Superintendent Lawrence Beaudin had installed Ken Payleitner as principal at Harrison Street at the age of 26, after just his second year of teaching. Thirty-two years later, in May 1985, he retired at 58—sooner than he had planned. He strongly objected to a plan being put forth that spring by Superintendent Roy Turnbaugh to “rotate” the principals of what were then Geneva’s three elementary schools. He decided to hang it up instead. So ended a career whose durability you just don’t see anymore, and probably won’t again: In just the 26 years since, Harrison Street has had five principals.
I was not quite 28 that spring and nearing the end of my run at The Republican; one of my last feature pieces for the paper was an “exit interview” of my former elementary school principal.
Some of his observations were startling in their bluntness, and in their prescience. “One of the things that has made this job increasingly difficult has been the breakup of the American family; I see it at its roots,” he said.
When he'd started, “Ninety percent of my students came from a traditional two-parent setting, with mother as fulltime homemaker. Now it’s less than half, and getting worse ... here, the kids still mostly come to school clean, fed, loved, and ready to learn. But that is gradually changing—for the worse.”
(One of Ken’s concerns as he left the principal’s office in 1985, however, has turned 180 degrees the other way, for well or ill. Today, young people graduate with degrees in education into an impossibly glutted job market, and wait months or even several years before securing a first job. But in the booming economy of ’85, it was just the opposite: “If nothing’s done to help the situation,” he said that spring, “we’re going to have a teacher shortage that’ll make the shortages of the 1960s look like child’s play.")
I went to Chicago and elsewhere to other jobs, our own sons were born and grew; it was 16 years, and I was in my early 40s before I heard from Ken Payleitner again. It was 2001 and I’d freelance-written a column for The Republican about declining attention to proper punctuation, and how good my training had been in the subject, by my fourth-grade teacher, Ruth Ekiss, at Harrison Street School.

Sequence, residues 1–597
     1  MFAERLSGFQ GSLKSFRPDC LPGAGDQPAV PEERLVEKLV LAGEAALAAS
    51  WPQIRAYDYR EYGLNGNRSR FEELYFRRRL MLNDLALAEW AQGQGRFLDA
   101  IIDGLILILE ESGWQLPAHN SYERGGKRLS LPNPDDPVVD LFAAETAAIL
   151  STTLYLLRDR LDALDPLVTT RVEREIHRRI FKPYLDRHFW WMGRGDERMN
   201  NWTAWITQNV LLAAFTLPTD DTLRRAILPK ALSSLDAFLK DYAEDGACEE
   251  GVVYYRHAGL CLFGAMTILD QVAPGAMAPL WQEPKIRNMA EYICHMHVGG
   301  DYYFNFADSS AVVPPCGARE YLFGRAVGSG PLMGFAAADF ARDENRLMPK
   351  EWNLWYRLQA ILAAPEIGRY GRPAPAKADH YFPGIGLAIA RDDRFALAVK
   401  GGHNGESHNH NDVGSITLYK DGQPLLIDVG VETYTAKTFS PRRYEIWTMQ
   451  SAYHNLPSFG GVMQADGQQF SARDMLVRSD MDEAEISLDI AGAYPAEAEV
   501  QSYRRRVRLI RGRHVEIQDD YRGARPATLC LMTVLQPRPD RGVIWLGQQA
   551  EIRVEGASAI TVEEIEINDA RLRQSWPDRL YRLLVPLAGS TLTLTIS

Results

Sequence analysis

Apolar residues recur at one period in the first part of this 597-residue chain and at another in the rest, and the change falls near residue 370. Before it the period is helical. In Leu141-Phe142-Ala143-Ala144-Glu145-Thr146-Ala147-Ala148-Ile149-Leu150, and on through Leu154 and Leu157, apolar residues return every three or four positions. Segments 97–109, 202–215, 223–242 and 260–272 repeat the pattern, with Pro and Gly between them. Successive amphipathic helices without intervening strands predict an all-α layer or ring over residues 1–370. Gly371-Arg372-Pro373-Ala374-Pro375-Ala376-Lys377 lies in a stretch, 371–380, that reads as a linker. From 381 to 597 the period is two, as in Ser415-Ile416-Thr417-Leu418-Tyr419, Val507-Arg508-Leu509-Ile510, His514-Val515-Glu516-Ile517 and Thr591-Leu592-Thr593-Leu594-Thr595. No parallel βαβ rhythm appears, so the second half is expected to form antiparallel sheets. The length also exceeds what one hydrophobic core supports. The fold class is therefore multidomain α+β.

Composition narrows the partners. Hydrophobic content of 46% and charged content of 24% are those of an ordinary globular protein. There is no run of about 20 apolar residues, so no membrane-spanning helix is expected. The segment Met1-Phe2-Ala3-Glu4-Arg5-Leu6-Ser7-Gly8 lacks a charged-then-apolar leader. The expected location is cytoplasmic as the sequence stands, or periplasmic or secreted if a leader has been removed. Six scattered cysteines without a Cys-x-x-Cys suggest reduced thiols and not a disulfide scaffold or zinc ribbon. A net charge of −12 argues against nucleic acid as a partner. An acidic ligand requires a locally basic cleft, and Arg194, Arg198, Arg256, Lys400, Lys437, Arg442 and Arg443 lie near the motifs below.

The day after it appeared in the paper, the phone rang after dinner—and it was the same warm, familiar voice on the other end: “I read that, and it was just great, son ... God, I love all you guys.”
Then, finally, nearly another decade later, Ken and his wife, Margie, stood—in some pain—in line at Malone Funeral Home waiting to pay respects to one of his former teachers, Donna Brizzolara, on the death of her brother John. I approached them and said, “Mr. Payleitner, how are you?”
His face was puzzled; he didn’t recognize me through gray hair, glasses and beard. I told him my name; he instantly beamed and wrapped me up in a bearhug—as warmly as he would one of his own sons. He then uttered a declaration full of selective memory: “What a sweet boy this was,” he said to his wife.
What a sweet man Ken Payleitner was. And how lucky hundreds upon hundreds upon hundreds of us were, to have him in the office down the hall—working for us, cheering us on, worrying about us, and setting us straight, for 32 years.
Visitation for Kenneth Payleitner is from 4-8 p.m. Friday, Aug. 5, at Yurs Funeral Home at East Main Street and Route 25 in St. Charles; funeral Mass is at 11 a.m. on Saturday, Aug. 6, at St. Patrick's Catholic Church in St. Charles.